Resistance Of A Wire - page 1
Keywords: Resistance Of A Wire
By RyanJK on 07/11/2006 17:49:43
Level: GCSE Key Stage 4 (Years 10-11)Page Number: 1 of 5 pages: 1 2 3 4 5
Over 100 million media files online, search for anything you want! No time limits, no per download fees, no bandwith or content limits.
Instant self-service online public background checks.
As used everyday by Private Investigators, Law Enforcement and Employers to perform criminal and background checks.
GCSE Physics Coursework - Resistance of a Wire Coursework
Resistance of a Wire:
In this investigation I want to find out the resistance of a piece of wire at varying lengths. I also want to find out if there is a relationship between the length of a piece of wire and its resistance.
What Is Electricity?
Electricity is a form of energy. It is generated by millions of free-flowing electrons whose movements create force fields and generate energy from motion.
What is resistance?
Electricity is conducted through a conductor, in this case wire, by means of free electrons. The number of free electrons depends on the material and more free electrons means a better conductor, i.e. it has less resistance. For example, gold has more free electrons than iron and, as a result, it is a better conductor. The free electrons are given energy and as a result move and collide with neighbouring free electrons. This happens across the length of the wire and thus electricity is conducted. Resistance is the result of energy loss as heat. It involves collisions between the free electrons and the fixed particles of the metal, other free electrons and impurities. These collisions convert some of the energy that the free electrons are carrying into heat.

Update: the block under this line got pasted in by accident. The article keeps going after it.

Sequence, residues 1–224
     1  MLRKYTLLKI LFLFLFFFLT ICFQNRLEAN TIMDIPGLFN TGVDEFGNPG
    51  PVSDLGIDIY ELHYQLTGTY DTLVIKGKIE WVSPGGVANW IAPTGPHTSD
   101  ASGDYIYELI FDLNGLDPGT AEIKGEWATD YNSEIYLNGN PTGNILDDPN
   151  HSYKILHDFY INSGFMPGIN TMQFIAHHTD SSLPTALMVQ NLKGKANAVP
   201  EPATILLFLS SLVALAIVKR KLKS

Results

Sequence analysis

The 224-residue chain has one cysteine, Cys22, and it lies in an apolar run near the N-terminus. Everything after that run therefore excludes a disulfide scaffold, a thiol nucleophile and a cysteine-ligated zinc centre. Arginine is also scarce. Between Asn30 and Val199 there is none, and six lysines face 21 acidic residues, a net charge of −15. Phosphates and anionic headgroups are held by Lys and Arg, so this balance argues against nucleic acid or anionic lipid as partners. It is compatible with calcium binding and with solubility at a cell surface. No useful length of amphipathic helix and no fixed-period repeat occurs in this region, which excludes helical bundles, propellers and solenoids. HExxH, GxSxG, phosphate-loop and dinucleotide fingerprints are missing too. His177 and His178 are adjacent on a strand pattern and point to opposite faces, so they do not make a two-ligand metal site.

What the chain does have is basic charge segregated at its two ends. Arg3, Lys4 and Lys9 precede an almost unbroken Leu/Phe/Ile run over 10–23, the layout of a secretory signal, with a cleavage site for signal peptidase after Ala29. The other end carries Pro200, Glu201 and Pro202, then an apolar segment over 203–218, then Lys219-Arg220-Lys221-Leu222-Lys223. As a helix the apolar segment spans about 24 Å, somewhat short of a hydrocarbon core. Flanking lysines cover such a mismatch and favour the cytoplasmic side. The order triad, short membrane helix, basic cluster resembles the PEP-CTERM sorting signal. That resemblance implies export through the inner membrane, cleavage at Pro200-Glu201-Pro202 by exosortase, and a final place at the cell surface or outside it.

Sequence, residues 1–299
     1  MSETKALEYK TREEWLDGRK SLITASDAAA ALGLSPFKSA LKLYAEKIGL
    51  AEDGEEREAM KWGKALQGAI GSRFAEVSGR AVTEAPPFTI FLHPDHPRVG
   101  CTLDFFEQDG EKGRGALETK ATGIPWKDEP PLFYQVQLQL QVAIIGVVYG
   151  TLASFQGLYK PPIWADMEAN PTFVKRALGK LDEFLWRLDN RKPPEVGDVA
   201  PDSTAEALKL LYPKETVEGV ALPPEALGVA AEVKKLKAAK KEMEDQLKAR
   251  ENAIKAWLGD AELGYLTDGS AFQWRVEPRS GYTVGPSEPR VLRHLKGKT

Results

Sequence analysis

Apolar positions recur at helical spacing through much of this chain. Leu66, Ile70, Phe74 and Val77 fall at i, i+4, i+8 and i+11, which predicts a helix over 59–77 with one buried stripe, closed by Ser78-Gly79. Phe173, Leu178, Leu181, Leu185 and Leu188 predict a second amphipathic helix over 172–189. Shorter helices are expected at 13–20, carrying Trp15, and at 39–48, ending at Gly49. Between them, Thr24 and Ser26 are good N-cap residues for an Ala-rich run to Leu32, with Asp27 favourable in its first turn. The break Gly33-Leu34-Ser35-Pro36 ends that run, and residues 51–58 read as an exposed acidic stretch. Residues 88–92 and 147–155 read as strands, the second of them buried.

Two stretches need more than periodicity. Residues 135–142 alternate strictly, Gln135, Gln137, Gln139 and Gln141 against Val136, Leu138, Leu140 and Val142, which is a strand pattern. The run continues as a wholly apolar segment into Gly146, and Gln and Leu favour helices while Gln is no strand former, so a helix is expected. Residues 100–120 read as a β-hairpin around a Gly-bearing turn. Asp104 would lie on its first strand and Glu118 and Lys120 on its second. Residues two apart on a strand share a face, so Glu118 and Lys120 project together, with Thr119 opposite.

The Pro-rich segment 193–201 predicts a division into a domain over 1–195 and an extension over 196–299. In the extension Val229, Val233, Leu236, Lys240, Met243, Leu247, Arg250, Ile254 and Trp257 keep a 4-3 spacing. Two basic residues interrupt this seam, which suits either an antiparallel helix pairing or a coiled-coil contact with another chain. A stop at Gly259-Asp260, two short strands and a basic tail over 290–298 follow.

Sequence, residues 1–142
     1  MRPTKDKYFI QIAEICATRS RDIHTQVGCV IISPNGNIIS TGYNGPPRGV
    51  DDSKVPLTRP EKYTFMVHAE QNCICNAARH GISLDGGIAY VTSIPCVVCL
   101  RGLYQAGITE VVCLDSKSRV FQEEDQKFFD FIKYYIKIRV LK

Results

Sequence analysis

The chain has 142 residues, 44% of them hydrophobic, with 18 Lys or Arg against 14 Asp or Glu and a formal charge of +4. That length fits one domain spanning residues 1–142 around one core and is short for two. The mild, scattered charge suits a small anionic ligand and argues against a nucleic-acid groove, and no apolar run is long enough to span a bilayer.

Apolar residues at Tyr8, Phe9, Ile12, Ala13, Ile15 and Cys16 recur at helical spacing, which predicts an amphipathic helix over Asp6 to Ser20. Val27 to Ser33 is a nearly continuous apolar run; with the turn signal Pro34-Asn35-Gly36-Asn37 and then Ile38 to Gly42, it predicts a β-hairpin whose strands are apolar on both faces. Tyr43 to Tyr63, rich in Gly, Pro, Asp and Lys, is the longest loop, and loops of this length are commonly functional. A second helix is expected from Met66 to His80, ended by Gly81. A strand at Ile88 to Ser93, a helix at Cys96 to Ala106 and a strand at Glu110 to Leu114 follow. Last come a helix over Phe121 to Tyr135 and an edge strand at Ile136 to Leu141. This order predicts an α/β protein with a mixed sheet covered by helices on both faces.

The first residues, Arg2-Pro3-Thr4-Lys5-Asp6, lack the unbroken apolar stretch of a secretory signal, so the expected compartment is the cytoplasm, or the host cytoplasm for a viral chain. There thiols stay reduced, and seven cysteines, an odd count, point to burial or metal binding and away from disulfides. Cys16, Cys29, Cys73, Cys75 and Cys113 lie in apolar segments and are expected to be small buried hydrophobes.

How is it measured?
The resistance is measured in ohms (Ω). The resistance of a length of wire is calculated by measuring the current present in the circuit (in series) and the voltage across the wire (in parallel). These measurements are then applied to this formula:
V = I x R where V = Voltage, I = Current and R = Resistance
This can be rearranged to:
R = V
It is also relevant to know of Ohmís Law, which states that the current through a metallic conductor (e.g. wire) at a constant temperature is proportional to the potential difference (voltage). Therefore V ł I is constant. This means that the resistance of a metallic conductor is constant providing that the temperature also remains constant. Furthermore, the resistance of a metal increases as its temperature increases. This is because at higher temperatures, the particles of the conductor are moving around more quickly, thus increasing the likelihood of collisions with